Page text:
Schizophrenia - how we treat it

The demise of the asylum and the rise of care in the community

The treatment of the mentally ill measures the health of any society

Henry Cockburn was diagnosed with schizophrenia in 2002. Before that he was a heavy cannabis user.

His father, Patrick Cockburn, The Independent’s award-winning foreign correspondent, has seen – at first hand – the  dramatic changes in the way we treat the mentally ill over recent decades. Today, in the second of his groundbreaking four-part series, he explains how psychiatric care in Britain went wrong – while Henry reveals his experiences as a schizophrenic marooned in the system.

---

The treatment of the mentally ill measures the health of any society because they are the most vulnerable and the least able to defend themselves against cruelty and neglect. It is an issue that affects the lives of a large part of the population. At any one time some seven million people in England and Wales over the age of 16 – one in six of the adult population – are suffering from a significant psychiatric problem. At least one-third of all families have a member who will at some stage be mentally ill.

Mental illness may be pervasive but it remains a largely hidden plague. Despite significant progress over the past decade, knowledge of psychiatric disorders lags far behind that of physical illnesses. Neat-sounding categories such as schizophrenia, bi-polar depression and schizoid-affective are not distinct diseases like TB or polio, but names given to a psychosis on the basis of symptoms evident when a patient sees a psychiatrist. As these symptoms change – as they often do – so does the diagnosis.

In the 1950s medications were discovered that could control, but not cure, mental disorders, and it is still not known exactly how they work. Only last month it was revealed that big pharmaceutical companies have largely stopped the search for new drugs to treat mental illnesses after spending billions of dollars in the search. They had found that not enough was known about the human brain and its ills for them to have a reasonable prospect of success.

Given the uncertainty about the nature of mental illness, it is extraordinary that governments in Britain and across the world should have revolutionised the treatment of those suffering from it. In the years since the mental asylums created by the Victorians were first denounced in the UK as relics of a past era – by Enoch Powell as Minister of Health in 1962 – the great majority of them have been closed. Between the 1950s and today the number of beds available for psychiatric patients in Britain has declined spectacularly from 150,000 to 27,000.

The asylums were supposed to be replaced by “Care in the Community”, a cuddly-sounding approach that one Labour minister derided as “couldn’t care less in the community”. The crime novelist P D James, who worked as an administrator in the NHS and whose husband was a long-term patient in a mental hospital, commented bitterly that community care “could be described more accurately as the absence of care in a community still largely resentful or frightened of mental illness”.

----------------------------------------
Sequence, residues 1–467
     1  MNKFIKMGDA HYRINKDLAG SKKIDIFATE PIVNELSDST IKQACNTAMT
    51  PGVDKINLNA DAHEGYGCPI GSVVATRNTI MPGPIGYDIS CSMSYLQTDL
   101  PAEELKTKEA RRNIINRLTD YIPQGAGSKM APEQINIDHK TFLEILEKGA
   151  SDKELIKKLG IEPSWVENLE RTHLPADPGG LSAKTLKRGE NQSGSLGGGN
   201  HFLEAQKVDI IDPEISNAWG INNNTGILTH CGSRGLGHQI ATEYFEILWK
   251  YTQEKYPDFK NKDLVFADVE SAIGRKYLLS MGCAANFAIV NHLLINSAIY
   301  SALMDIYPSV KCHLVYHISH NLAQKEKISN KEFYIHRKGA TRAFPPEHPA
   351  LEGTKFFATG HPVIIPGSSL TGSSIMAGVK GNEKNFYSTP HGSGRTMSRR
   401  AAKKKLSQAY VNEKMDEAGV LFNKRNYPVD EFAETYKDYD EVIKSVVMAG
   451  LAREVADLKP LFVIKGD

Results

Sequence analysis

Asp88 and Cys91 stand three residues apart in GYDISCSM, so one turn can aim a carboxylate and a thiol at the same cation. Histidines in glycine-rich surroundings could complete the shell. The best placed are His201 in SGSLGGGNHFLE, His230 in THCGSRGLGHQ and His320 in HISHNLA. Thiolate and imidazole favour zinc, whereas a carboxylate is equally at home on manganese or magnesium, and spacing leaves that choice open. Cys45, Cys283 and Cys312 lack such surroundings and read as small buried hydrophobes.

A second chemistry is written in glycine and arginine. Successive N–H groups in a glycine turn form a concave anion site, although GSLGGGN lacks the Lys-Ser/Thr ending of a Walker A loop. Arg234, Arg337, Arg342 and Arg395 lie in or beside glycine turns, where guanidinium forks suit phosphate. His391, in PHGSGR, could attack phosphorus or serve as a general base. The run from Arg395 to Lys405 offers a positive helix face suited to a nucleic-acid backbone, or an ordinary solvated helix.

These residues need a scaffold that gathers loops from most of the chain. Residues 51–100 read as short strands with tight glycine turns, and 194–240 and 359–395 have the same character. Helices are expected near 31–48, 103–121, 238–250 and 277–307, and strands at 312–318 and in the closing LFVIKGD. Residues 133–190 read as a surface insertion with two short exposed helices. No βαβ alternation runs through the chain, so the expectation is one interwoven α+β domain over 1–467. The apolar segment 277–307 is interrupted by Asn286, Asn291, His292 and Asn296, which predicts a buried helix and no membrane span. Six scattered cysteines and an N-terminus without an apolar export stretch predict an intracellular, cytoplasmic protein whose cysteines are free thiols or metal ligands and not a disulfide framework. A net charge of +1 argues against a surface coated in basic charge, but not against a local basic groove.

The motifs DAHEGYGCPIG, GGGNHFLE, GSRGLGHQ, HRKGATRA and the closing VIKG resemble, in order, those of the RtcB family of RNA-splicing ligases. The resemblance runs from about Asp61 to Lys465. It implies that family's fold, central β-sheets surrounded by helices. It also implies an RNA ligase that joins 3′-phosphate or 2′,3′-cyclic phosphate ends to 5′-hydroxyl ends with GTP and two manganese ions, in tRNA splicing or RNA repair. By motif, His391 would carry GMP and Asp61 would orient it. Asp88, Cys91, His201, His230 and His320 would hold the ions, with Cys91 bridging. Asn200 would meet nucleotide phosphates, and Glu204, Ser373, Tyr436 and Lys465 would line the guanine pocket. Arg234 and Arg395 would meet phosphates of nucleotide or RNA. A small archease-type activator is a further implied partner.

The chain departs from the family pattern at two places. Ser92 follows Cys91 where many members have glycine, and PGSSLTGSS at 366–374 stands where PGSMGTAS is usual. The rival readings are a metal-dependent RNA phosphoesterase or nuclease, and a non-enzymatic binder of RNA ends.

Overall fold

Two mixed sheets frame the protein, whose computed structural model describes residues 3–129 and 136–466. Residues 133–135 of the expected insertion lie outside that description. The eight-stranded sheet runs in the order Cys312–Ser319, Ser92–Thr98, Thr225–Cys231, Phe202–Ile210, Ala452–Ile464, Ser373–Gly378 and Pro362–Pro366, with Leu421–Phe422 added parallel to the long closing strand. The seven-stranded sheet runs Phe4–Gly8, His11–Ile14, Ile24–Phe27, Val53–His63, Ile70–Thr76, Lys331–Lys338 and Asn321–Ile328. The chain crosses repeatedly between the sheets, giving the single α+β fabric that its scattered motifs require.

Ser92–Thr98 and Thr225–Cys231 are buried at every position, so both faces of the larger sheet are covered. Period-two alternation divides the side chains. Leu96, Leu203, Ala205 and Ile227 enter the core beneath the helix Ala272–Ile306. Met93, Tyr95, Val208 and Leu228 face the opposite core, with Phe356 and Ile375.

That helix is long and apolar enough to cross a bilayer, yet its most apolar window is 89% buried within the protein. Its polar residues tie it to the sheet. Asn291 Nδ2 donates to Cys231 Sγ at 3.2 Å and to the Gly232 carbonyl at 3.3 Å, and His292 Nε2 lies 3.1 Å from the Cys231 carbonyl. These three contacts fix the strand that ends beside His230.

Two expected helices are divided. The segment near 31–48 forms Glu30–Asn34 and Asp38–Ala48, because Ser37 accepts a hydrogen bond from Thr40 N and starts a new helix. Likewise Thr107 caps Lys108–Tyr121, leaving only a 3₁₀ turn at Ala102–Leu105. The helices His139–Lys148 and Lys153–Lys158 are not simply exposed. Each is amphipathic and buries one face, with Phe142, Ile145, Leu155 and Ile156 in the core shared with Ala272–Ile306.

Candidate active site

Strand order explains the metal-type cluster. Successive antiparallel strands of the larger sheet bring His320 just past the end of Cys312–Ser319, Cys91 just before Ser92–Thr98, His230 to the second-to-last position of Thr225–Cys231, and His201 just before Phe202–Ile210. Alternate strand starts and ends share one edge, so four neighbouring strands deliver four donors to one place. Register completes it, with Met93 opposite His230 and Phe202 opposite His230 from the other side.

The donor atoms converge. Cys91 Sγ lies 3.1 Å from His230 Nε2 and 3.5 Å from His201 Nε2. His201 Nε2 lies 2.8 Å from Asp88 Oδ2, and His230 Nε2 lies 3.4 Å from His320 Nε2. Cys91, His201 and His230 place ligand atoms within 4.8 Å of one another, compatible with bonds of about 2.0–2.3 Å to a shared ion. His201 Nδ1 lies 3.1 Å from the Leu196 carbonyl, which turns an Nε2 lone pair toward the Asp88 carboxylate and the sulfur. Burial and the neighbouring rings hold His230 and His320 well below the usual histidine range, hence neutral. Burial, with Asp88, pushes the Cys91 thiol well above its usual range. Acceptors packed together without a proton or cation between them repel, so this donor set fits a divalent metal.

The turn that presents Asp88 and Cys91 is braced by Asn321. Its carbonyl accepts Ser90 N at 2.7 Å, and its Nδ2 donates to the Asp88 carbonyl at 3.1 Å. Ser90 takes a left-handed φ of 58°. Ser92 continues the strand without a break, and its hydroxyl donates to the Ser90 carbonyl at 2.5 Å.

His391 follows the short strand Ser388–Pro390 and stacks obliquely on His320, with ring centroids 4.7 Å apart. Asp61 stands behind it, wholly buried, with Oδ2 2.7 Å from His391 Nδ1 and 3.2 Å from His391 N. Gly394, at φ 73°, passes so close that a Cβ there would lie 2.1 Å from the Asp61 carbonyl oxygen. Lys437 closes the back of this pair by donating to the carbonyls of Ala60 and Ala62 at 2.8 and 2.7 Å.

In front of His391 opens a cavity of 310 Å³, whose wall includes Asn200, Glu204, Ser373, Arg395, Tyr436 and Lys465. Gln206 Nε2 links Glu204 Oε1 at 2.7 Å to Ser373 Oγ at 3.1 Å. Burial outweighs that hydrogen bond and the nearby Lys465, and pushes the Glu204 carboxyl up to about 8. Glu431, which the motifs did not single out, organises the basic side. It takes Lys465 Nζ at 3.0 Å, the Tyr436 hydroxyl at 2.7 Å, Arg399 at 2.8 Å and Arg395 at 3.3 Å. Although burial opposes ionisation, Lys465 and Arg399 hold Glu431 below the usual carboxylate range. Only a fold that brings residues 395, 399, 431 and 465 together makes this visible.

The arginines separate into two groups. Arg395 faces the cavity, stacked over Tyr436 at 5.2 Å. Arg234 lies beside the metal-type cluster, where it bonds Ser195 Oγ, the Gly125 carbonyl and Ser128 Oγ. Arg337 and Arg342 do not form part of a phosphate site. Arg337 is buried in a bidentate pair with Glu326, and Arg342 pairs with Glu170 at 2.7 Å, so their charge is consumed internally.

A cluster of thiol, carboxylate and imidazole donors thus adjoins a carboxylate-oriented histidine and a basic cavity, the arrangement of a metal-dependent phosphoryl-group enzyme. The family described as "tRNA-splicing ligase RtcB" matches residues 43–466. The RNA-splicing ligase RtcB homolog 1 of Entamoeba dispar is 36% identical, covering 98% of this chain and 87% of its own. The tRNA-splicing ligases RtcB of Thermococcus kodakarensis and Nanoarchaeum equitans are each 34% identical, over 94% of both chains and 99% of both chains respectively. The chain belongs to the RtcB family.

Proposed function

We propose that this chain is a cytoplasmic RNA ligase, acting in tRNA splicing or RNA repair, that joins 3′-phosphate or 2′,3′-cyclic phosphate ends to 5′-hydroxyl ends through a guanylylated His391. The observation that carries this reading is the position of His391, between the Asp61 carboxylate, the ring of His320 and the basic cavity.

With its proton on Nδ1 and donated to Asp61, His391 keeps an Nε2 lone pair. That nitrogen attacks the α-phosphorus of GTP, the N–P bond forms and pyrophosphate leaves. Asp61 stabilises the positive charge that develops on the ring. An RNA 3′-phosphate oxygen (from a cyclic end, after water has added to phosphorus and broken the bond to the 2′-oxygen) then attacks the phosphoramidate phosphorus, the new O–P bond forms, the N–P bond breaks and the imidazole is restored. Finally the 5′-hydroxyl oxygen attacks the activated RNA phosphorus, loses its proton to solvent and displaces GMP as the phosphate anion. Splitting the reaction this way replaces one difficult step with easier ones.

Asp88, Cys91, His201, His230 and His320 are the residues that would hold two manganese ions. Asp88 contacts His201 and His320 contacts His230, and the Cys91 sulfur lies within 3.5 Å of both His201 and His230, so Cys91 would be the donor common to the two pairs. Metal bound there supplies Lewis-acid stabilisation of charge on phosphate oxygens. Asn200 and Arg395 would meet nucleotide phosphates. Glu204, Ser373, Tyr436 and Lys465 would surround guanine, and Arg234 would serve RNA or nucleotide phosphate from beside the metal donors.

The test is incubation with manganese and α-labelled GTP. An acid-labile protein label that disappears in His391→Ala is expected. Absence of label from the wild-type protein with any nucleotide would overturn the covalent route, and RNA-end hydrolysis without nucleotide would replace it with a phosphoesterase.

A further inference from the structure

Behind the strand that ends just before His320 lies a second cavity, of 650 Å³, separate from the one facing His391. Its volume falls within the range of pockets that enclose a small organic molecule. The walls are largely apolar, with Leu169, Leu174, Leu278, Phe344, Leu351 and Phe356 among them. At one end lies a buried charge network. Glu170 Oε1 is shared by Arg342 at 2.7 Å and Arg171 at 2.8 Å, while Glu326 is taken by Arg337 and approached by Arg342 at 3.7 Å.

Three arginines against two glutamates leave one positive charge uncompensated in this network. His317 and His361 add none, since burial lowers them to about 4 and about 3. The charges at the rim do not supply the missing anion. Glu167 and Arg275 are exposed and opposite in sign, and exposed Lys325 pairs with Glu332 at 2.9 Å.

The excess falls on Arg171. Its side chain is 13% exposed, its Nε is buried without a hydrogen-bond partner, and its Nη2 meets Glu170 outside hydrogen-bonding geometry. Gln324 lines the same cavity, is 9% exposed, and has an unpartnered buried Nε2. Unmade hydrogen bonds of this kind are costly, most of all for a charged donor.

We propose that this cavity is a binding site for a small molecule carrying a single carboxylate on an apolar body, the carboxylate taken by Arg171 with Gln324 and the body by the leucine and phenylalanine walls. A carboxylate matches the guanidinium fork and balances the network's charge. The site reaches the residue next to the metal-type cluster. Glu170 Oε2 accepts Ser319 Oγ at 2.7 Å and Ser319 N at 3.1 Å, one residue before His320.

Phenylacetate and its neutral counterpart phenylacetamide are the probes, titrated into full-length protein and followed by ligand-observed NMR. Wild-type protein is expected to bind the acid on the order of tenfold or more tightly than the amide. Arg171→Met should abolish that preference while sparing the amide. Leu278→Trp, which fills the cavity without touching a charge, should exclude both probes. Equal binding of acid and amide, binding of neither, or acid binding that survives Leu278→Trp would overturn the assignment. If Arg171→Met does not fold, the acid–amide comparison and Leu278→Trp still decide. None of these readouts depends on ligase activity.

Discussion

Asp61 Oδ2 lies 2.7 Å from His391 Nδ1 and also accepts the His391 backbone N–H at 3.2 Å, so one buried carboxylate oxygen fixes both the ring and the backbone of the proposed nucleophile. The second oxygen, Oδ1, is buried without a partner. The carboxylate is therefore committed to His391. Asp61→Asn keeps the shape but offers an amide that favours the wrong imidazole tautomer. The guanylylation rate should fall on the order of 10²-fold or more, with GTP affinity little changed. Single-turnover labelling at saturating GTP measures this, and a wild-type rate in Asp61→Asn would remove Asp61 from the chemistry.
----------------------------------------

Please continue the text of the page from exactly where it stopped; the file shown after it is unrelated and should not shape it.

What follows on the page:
Half a century ago every British city had at least one mental asylum on its outskirts, but these were rapidly closed down and sold off, often to become luxury flats or the site of a supermarket. It was one of the most radical changes in the British institutional landscape since the dissolution of the monasteries in the 16th century. As with the monasteries, the motives leading to the demise of the asylums combined a genuine belief that the system was wrong with an ideological hostility to their existence and a keen sense of the financial advantages stemming from their demise.

The psychiatric hospitals were caught in a pincer movement from right and left. The left saw the asylums as being like prisons, whose inhabitants were primarily the victims of an authoritarian system. Films like One Flew Over the Cuckoo’s Nest propagated this attitude. On the right, such views were welcome because they provided respectable reasons for spending less money on the mentally ill and reduced the role of public welfare.

What followed this revolutionary change is still a subject of angry dispute among doctors and former patients. Many things were wrong with the old asylums, which could be brutal and uncaring, but they were also a place of refuge for people who desperately needed one and had nowhere else to go. Barbara Taylor, a historian who spent time as a patient in the late 1980s in the Friern mental hospital in north-east London, formerly known as Colney Hatch, recalls in an essay that “for me Friern was truly an asylum. I entered it on my knees: I could no longer do ordinary life, and giving up the struggle was an incalculable relief. My home in the hospital was a locked acute ward with a deservedly violent reputation: a Dickensian barrack of crumbled brickwork and peeling walls, reeking of fag smoke and teeming with ghosts; but for me it was sanctuary.”

The end of the asylums came not just in Britain but across the world and is still going on. In the United States the number of beds available for psychiatric patients fell from 558,000 in 1955 to 53,000 in 2005.

Some of the slogans of the anti-asylum movement in Britain and the US are chilling in their covert or unintentional cruelty. One of them was “de-institutionalisation”, as if healthy people, and not just the mentally ill, are not themselves dependent on institutions where they work, such as a school or an office. The institutional needs of the mentally ill are often very simple, described by one social worker as being “a place where you can go and sit and chat and have a cuppa, and lunch”.

But even this is sometimes denied them on the grounds that it makes them part of a “dependency culture”. A carer, lamenting the closure of a day centre in Wales, says “often people are very withdrawn, lonely or low, or in another world, others have lost most of their personality and are referred to as being burnt out. These people don’t want or need anything very demanding, just coming to the centre and getting out of the house is enough, and a blessing for carers.”